Around 180 years ago, the British colonial rulers introduced the concept of vagrancy in Sri Lanka. Through this they criminalized behaviour relating to the subsistence of the economically marginalized: for example, begging, being physically challenged, exposing a disease, and homelessness. These were thought to be against British social mores of the period.
During the colonial period vagrancy laws were mainly enacted to round up those who had escaped from harsh labour (especially in the estates) and ended up homeless and were hence seen as useless in the eyes of the government.
These laws are inconsistent with human rights guaranteed by the Sri Lankan Constitution as well as international human rights law. Their application has also been arbitrary, discriminatory, and rife with abuse.
Sri Lanka’s vagrancy law has remained relatively unchanged since 1841 reflecting old colonial values which have no place in modern society. Recently, the International Commission of Jurists (ICJ) released a legal briefer about the need to repeal Sri Lanka’s Vagrants Ordinance. This briefer identified areas of concern within the law and how the law has been applied to violate human rights.
The Ordinance acts as a law regulating “decency”, penalizing certain social behaviour such as behaving in a ‘riotous and disorderly manner’, ‘wandering’, ‘idling’, ‘gather or collector of arms under false pretense’, ‘endeavoring by the exposure of wounds, deformities, leprosy or loathsome disease’, ‘soliciting’, or ‘acts of indecency’. Those who engage in such conduct are labelled ‘rogues,’ ‘vagabonds’ or ‘incorrigible rogues’. ‘Incorrigible rogues’ are not only convicted for the ‘crime’ they committed, but are also expected to provide monetary security for one year after release to guarantee their future good behaviour.
News reports highlight how the law is being misused even beyond its already abusive purposes, to routinely arrest trans-persons, sex workers and even couples whose only ‘crime’ would have been to hold hands in public. Public authorities, especially the Police, have misunderstood the legal provisions and have resorted to moral- policing in applying the law. None of the above are actually ‘crimes’ under Sri Lankan law. In fact, courts have held that a sex worker can only be arrested if she behaves in a “riotous or disorderly manner in any public street or highway” and not merely for engaging in commercial sex. In 2017, the UN Committee on the Elimination of Violence against Women condemned use of the Vagrants Ordinance by the Sri Lankan police “to arbitrarily arrest women in prostitution, using their possession of condoms as evidence of engaging in prostitution, and subjecting them to harassment, sexual bribery, and extortion.”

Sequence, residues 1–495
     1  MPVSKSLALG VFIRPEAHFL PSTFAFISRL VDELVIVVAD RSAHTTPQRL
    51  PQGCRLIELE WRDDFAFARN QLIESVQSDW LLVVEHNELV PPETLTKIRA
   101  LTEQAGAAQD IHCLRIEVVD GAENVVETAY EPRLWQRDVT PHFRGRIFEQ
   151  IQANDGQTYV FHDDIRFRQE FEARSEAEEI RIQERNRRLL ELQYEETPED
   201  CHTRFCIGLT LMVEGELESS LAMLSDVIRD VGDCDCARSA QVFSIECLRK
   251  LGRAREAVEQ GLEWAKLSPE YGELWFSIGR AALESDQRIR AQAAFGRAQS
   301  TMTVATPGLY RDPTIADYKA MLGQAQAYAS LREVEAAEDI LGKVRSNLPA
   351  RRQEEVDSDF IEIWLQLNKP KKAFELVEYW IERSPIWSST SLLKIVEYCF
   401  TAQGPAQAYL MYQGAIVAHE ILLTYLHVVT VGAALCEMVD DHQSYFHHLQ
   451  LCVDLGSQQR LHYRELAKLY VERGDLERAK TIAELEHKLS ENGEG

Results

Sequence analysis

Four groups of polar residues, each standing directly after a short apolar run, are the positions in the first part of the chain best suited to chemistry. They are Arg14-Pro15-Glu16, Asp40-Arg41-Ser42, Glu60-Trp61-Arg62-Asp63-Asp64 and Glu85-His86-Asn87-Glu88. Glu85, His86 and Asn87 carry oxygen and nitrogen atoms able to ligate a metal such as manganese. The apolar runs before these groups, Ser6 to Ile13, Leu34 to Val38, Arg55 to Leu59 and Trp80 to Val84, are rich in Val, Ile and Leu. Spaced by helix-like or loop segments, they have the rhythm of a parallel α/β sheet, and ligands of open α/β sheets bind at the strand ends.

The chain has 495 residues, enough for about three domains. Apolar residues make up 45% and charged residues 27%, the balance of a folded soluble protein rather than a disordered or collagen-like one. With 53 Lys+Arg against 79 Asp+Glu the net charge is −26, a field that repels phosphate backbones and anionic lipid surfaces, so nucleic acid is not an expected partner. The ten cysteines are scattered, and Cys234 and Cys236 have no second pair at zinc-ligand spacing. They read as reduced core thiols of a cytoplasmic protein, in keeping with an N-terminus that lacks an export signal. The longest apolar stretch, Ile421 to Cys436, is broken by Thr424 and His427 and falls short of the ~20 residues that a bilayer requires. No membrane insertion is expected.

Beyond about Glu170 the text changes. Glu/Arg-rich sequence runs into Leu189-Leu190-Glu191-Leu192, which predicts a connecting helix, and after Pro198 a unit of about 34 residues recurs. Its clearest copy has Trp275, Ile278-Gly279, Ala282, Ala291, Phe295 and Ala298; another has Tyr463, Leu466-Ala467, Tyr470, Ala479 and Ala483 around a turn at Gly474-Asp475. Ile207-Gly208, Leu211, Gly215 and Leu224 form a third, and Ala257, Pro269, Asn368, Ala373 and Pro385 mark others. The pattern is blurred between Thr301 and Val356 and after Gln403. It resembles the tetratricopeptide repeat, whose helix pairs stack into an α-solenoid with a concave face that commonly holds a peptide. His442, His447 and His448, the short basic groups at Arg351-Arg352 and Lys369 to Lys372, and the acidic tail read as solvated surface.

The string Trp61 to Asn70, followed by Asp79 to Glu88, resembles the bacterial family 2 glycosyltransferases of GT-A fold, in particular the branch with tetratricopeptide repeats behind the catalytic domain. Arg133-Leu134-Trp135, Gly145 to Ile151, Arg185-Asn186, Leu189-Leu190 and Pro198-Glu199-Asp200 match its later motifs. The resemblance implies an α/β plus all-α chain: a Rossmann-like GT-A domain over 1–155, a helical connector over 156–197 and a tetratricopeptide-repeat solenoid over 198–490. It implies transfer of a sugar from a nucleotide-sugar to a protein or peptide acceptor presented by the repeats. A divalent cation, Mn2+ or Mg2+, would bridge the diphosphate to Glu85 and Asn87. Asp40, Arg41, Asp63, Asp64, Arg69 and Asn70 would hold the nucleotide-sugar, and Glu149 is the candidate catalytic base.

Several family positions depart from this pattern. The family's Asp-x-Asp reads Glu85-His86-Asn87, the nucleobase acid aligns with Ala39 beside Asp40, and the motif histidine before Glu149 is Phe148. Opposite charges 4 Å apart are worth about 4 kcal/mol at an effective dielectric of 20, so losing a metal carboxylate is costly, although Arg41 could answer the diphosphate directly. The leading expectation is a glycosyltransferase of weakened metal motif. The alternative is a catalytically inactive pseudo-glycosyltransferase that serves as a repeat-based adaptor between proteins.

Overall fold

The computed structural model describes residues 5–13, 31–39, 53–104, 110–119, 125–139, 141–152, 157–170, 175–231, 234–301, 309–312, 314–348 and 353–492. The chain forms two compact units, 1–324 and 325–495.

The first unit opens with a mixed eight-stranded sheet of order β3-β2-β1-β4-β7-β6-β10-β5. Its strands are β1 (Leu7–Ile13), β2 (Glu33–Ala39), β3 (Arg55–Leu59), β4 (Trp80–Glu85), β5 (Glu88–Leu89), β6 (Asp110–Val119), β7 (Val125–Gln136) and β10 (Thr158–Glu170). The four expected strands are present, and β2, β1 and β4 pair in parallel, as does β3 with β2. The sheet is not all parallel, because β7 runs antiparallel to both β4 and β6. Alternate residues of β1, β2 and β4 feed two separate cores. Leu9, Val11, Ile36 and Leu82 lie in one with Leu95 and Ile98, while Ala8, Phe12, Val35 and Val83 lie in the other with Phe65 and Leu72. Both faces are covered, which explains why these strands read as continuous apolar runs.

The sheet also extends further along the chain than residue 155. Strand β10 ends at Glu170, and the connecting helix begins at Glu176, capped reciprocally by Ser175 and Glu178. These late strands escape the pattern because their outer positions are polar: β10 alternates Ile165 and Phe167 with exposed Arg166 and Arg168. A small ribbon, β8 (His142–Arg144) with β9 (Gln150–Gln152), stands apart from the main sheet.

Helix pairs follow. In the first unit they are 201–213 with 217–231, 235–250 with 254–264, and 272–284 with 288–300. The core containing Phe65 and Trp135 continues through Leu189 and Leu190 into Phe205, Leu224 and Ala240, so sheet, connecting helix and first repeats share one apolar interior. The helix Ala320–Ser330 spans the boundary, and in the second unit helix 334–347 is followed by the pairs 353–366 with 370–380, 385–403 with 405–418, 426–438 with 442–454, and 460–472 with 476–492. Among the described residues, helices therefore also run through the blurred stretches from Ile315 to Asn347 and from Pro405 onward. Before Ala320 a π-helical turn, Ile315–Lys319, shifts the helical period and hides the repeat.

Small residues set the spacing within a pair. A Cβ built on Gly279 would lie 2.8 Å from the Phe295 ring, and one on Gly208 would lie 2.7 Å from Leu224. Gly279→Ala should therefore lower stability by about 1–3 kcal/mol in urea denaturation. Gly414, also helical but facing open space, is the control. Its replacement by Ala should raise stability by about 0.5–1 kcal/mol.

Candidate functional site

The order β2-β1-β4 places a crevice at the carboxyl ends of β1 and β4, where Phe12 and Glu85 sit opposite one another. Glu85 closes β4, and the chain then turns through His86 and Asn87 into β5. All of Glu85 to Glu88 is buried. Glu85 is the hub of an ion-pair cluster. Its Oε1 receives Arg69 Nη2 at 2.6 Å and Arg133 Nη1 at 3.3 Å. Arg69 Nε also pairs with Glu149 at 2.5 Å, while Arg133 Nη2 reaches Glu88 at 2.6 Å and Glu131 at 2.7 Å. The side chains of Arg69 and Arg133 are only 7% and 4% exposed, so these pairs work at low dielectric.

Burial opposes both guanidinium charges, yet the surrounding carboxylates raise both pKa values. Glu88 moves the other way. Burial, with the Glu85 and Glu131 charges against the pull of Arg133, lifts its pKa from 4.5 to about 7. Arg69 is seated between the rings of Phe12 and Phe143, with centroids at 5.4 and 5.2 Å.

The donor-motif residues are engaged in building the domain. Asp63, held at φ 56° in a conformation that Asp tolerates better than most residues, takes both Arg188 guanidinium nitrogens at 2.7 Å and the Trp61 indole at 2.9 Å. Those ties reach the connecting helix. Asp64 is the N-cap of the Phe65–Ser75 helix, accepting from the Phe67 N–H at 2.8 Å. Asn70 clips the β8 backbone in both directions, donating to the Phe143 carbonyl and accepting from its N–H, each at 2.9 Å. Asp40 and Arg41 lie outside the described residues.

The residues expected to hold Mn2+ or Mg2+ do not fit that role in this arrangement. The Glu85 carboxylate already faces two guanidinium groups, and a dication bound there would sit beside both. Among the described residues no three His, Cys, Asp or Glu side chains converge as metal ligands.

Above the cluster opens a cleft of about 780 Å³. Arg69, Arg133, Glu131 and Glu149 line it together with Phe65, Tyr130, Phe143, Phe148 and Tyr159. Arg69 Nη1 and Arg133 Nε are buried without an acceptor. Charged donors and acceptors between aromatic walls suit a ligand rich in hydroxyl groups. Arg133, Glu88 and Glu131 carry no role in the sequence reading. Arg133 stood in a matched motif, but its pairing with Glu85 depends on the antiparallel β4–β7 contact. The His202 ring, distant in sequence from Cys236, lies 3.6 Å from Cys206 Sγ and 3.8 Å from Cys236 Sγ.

According to the Ordinance women offenders can at the discretion of court be sent to a House of Detention established under the Houses of Detention Ordinance No. 5 of 1907 in lieu of any term of imprisonment. In practice, women offenders sent by a Magistrate to the Methsevana house of detention (the only centre available) have languished there for years in a prison like environment without legal representation and with no path to release. In one case highlighted by the UN Working Group on Arbitrary Detention, the woman had been in detention since 1975. Arbitrary and discriminatory application of the law and the outdated nature of the crimes makes it all the more urgent to repeal the Ordinance.
Sri Lanka is a State Party to most core international human rights treaties and their protocols. These treaties all require to States to apply the principle of non-discrimination in the application of human rights law. The Committee on Economic, Social and Cultural Rights and the UN Special Rapporteur on Housing have indicated that the criminalization of homelessness is incompatible with a State’s human rights obligations. Doing so is also in violation of the State’s obligations under the International Covenant on Civil and Political Rights of protection from arbitrary arrest and detention. The Human Rights Committee has also affirmed that vagrancy laws targeting the poor and marginalised are in violation of this protection.
The provisions of the law are also in violation of the Fundamental Rights to Equality, Freedom from Torture or Cruel, Inhuman, and Degrading Treatment, and Freedom from Arbitrary Arrest, Detention and Punishment as provided for in Sri Lanka’s Constitution. Unfortunately, Article 16 of the Constitution that permits the continued validity and operation of all existing written and unwritten law notwithstanding their inconsistency with the fundamental rights chapter, allows for the Vagrants Ordinance’s continued operation.
Parliament must immediately repeal this outdated colonial law, and if needed review and replace in the Penal Code or through specific legislation any part of the law that requires retention. Any new law brought in replacement would need to be in conformity with Sri Lanka’s international human rights obligations. Many innocents especially women and the LGBTI community have suffered for decades due to arbitrary application of this vague law and its repeal must be sooner than later.
- Published in the Sunday Morning newspaper (Sri Lanka) on 06 March 2022.
 The Briefing Paper can be accessed at : https://www.icj.org/wp-content/uploads/2022/01/Sri-Lanka-Briefing-Paper-A-Colonial-Relic-Long-Overdue-for-Repeal-2021-ENG.pdfNewsOp-eds